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Prepared for population decline?

January 2022

‘Shrinking places’ or ‘lonely places’ – as some call them – are a growing challenge for European municipalities, regions and even countries. Eurostat’s long-term population projections point at a population increase of the EU-27 from 447 million inhabitants in 2019 which peaks around 449 million in 2026. Thereafter population numbers are expected to decline. They will gradually decrease to 441 million in 2050 and to 416 million in 2100 (see Eurostat (Opens in a new window)). This long-term population decline will play out differently across territories.

Still, population decline is not a new topic for many European municipalities. Building on data compiled by Spatial Foresight for the European Commission, the ESPON ESCAPE (Opens in a new window) project has shown that many municipalities on the eastern, southern and northern margins of the European Union, and the eastern parts of Germany, have experienced 4 or 5 consecutive decades of population decline between 1961 and 2011. The population decline over this period is dramatic is some parts of Europe. It generated a total population loss of more than 60% (Opens in a new window) in a significant share of municipalities in Spain, Bulgaria, Croatia and Greece.

Taken together, about 6% of the EU-27 population were living in municipalities that experienced a population decline of more than 1% per year between 2011 and 2017.[1]  These municipalities covered more than a quarter of the EU-27 territory.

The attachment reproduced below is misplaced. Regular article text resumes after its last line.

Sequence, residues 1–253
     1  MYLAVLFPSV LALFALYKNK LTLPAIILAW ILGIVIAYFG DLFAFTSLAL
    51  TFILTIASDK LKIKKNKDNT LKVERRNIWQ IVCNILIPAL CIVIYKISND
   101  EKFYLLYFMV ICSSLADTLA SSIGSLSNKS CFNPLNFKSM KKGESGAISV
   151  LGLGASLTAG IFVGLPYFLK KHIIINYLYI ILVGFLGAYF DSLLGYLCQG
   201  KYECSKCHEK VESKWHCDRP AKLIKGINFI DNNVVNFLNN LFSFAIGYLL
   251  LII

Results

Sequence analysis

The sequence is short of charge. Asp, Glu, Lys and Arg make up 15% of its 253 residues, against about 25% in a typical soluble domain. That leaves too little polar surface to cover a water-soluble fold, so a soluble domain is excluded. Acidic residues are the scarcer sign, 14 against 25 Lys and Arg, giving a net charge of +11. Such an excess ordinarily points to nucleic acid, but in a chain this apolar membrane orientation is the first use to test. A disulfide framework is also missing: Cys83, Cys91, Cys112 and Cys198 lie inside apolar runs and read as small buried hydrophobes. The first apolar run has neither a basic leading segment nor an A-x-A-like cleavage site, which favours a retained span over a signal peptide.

Shares of population living in municipalities with rapid population decline (more than 1% per year on average) are particularly high in the Baltic countries, followed by Croatia and Hungary and then by Spain, Portugal, Finland and Romania. Recent data are not available for Bulgaria, Cyprus and Greece.  Between 2001 and 2011, 37% of the Bulgarian population and 25% of the Greek population lived in municipalities with rapid population decline, but only 2% of the population of government-controlled areas in Cyprus (see Map and Figure below).

If one compares trends between 2001 and 2011 and between 2011 and 2017, local population decline accelerated rapidly in Spain, where the ratio of population living in municipalities with an annual population decline of more than 1% went from 3 to 14%. At the same time, in Germany, the share of population living in municipalities with an annual population decline of more than 1% decreased considerably, from 8 to 3.5%.

Map: Municipalities with a population decline above 1% per year between 2011 and 2017

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